Cardinal Health 2018

Strength in numbers: Advocacy in focus at Cardinal Health RBC 2018

BY David Salazar

At the Cardinal Health RBC 2018 Opening Session in San Diego, pharmacy owners heard about the ways they can work together to bring change to the current reimbursement model.

Doug Hoey, president and CEO of the National Community Pharmacists Association, and Ritesh Shah, owner of Drug$mart Pharmacy in Keansburg, N.J., spoke to Steve Lawrence, Cardinal Health senior vice president of independent sales, about how independent pharmacies’ strength lies in their numbers when it comes to changing policy.

Hoey noted that progress has been made in bringing to light the reimbursement issues that community pharmacies have with pharmacy benefit managers. He highlighted recent stories from “60 Minutes” and The Wall Street Journal that shined a light on the issue and noted that even President Donald Trump has taken notice of PBMs.

“We can’t let up — we’re reinventing pharmacy and redefining how we get paid,” Hoey said, noting that NCPA members are bringing some of their legislators to tour their pharmacies and educate them about the reimbursement system.

This direct approach is one way that pharmacies can help effect change on an individual effort, and Shah highlighted ways that pharmacists can do so on a larger level.

Shah, who chairs the New Jersey Pharmacists Association Political Action Committee, said that lawmakers in his state, after listening to a coalition of community pharmacy groups, recently passed legislation focused on maximum allowable cost, or MAC, transparency, as well as legislation that subjects PBMs to state regulation and allows pharmacists to dispute with PBMs through the state, allowing them to enforce contracting standards.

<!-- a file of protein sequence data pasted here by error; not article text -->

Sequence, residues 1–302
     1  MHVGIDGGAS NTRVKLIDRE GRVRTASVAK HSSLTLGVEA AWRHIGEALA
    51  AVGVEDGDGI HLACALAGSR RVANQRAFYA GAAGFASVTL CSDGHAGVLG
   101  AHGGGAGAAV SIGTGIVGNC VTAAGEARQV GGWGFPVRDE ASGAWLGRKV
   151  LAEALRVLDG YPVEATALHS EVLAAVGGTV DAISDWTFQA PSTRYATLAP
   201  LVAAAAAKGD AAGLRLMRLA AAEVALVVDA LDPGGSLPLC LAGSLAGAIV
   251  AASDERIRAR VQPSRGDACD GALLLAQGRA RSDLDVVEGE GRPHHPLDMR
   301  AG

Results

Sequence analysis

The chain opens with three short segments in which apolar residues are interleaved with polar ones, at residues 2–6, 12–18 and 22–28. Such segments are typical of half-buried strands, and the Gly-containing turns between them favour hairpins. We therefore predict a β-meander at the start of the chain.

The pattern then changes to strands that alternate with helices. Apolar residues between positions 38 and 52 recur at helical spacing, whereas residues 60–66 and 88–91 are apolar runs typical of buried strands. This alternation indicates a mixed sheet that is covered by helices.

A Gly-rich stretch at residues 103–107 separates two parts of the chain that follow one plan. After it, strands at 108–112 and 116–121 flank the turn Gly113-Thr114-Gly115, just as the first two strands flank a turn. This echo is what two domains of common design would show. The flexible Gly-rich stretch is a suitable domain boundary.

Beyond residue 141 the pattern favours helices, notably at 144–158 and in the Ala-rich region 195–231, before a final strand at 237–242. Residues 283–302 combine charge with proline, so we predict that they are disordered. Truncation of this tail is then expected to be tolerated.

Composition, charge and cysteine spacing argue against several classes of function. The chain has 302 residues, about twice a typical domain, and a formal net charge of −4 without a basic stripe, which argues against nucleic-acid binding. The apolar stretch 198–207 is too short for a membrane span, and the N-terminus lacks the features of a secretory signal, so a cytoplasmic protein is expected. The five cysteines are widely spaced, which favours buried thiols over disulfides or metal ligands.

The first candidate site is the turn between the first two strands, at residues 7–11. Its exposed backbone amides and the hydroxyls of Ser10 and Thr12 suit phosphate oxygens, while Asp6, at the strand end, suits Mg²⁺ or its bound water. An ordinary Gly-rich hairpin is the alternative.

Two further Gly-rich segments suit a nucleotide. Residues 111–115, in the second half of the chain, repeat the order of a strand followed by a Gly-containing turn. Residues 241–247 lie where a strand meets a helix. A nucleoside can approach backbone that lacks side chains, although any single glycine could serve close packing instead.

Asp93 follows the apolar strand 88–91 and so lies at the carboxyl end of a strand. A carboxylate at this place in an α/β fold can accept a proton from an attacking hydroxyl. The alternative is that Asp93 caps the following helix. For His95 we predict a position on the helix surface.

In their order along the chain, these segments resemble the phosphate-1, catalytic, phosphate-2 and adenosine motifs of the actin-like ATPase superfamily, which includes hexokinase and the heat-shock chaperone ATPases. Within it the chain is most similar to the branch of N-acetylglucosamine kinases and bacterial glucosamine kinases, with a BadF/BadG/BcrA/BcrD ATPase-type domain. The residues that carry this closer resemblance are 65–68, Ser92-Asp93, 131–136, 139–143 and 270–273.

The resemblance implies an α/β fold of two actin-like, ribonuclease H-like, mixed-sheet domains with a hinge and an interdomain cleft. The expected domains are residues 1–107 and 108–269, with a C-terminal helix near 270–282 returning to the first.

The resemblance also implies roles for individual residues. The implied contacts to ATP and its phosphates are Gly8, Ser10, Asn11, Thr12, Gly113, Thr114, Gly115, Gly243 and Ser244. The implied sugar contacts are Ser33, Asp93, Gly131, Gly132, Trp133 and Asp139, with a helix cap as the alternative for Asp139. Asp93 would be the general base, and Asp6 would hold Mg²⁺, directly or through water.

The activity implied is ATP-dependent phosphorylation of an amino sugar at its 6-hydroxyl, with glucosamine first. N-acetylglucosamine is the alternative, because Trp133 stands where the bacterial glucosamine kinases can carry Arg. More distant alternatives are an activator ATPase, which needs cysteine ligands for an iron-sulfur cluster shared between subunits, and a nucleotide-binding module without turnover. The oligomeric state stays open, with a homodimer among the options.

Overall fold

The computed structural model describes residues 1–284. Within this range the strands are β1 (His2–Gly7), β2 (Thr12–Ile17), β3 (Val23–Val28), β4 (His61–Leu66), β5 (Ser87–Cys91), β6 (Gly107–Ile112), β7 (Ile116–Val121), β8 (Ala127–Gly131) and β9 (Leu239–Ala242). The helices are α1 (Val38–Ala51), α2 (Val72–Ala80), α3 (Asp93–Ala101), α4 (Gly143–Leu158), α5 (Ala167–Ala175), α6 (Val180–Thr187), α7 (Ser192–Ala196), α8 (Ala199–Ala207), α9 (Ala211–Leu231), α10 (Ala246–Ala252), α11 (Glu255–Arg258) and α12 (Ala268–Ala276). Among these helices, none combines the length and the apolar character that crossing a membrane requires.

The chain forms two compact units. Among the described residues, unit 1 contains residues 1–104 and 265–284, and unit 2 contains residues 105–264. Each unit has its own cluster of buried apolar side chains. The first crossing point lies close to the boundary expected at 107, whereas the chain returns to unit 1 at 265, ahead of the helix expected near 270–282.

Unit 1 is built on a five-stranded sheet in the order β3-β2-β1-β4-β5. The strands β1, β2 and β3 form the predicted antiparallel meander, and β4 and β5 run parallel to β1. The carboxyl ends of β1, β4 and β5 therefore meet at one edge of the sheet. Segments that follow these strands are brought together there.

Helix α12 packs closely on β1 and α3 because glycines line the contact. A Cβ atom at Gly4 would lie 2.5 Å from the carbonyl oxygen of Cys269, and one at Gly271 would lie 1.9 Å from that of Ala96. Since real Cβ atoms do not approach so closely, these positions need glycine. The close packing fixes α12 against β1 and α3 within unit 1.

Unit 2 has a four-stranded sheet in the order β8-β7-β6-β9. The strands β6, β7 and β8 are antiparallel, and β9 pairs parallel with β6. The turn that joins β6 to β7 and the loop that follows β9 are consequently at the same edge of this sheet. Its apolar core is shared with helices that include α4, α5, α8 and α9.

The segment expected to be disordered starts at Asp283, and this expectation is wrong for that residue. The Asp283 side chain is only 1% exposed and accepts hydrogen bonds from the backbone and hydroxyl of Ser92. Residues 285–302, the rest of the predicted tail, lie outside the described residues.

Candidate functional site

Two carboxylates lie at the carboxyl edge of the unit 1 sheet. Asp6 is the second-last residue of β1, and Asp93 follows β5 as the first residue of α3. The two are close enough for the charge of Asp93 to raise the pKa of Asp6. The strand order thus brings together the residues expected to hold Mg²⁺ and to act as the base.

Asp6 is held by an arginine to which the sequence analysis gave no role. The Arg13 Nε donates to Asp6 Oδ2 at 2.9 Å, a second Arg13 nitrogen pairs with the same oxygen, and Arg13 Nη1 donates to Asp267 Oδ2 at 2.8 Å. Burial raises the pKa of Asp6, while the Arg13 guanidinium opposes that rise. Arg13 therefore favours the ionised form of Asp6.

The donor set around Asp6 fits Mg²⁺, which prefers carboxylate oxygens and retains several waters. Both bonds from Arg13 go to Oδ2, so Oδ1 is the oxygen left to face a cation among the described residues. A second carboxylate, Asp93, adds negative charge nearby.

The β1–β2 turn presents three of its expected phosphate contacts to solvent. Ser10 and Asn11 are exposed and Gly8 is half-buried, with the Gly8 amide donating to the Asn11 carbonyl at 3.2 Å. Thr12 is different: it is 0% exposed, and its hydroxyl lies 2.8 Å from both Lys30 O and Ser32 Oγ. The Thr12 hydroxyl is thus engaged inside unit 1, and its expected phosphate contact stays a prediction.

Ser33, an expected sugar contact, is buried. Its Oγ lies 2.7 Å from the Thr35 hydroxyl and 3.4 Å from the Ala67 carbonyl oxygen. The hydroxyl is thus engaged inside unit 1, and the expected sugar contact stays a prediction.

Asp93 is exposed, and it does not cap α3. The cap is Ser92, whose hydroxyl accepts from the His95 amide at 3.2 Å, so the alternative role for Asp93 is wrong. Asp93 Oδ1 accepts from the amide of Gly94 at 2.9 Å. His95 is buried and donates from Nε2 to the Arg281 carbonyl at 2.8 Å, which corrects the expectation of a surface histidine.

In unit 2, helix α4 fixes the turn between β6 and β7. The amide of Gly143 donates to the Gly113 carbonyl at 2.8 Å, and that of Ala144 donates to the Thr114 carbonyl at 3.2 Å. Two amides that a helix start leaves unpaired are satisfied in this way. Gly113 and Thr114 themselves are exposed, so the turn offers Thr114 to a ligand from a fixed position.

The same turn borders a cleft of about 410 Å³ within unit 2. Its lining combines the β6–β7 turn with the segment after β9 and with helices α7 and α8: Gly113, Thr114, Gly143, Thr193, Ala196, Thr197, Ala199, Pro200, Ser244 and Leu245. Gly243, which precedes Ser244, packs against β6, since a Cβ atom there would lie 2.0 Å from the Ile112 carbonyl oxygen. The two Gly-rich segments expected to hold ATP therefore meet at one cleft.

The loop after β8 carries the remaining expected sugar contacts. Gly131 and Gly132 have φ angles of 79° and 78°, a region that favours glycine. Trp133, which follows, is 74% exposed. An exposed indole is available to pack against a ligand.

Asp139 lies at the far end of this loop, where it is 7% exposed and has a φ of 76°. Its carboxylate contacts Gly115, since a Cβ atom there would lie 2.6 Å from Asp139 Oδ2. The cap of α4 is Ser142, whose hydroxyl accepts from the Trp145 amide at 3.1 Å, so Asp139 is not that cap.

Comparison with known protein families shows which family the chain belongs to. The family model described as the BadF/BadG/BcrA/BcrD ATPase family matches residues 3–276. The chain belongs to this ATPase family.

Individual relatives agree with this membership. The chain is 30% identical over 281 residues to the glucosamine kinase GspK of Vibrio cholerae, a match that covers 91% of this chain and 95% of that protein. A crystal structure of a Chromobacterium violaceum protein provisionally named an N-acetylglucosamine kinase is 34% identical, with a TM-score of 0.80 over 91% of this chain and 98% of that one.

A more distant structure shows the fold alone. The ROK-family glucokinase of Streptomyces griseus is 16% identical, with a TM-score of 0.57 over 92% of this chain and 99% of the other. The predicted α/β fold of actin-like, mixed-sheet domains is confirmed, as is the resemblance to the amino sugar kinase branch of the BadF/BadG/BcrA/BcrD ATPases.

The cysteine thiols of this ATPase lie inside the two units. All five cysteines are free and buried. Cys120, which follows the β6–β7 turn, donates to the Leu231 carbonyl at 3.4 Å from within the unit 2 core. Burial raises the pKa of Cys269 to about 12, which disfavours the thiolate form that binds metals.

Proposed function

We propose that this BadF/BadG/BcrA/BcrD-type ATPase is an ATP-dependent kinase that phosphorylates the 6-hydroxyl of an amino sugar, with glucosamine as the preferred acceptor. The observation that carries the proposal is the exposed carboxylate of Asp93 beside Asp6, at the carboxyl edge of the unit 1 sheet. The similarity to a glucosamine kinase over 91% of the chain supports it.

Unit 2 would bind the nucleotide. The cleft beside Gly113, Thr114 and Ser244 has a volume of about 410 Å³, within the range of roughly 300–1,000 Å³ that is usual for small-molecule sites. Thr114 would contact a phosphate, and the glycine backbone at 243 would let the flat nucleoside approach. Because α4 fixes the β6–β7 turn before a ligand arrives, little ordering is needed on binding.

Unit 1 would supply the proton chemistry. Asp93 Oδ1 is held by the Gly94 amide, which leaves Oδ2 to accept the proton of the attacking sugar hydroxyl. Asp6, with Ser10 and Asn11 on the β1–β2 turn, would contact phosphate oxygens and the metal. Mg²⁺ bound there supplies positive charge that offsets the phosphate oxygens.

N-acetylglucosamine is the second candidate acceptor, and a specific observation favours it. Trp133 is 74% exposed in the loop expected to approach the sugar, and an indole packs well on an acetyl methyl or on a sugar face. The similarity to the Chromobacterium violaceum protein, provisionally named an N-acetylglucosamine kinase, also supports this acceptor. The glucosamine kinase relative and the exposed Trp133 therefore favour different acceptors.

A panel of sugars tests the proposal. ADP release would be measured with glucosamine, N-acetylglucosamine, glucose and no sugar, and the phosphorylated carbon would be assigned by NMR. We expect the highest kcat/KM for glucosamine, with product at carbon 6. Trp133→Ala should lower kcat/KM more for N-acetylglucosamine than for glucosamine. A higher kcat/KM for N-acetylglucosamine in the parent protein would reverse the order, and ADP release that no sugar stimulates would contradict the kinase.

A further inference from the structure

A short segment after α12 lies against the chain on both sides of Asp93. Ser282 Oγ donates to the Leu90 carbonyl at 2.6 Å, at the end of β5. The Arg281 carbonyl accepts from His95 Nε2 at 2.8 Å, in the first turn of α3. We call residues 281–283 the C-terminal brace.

Hoey noted that changing the current payment model, while a victory in itself, cannot be where pharmacy advocacy ends.

“It’s really important not only that we succeed in disrupting this current payment model, but that we also offer a solution that redefines how pharmacies get paid,” he said. “That solution is the Community Pharmacy Enhanced Services Network.”

CPESN USA is made up of local, largely state-based pharmacy networks that work together to negotiate contracts with payers as a clinically integrated network. Hoey noted that doing so helps elevate pharmacies to the same level as health plans and other healthcare providers in negotiation, which complements legislative efforts.

“When you put CPESN and the advocacy efforts together, that’s how we’re going to change how pharmacies are paid,” he said.

Shah said that pharmacies in New Jersey recently banded together to get a Jersey City independent pharmacy re-added to a network by telling legislators the new hurdles for Jersey City patients who might have to travel farther just to pick up their prescriptions.

“We fought hard, our numbers worked and we were able to get the pharmacy back into the contracts,” Shah said. “When you work together, united, it works. The numbers make an impact, but we have to stay focused and organized.”

Hoey noted that in addition to pharmacies being engaged, recent coverage and focus on pharmacy-related issues also is mobilizing patients, who he said can be a key voice to add to those of pharmacists.

“There’s no question staying organized and moving as one unified front makes for a very powerful force,” Lawrence said as he closed the panel. “Change just doesn’t happen — we have to get involved to cause change.”

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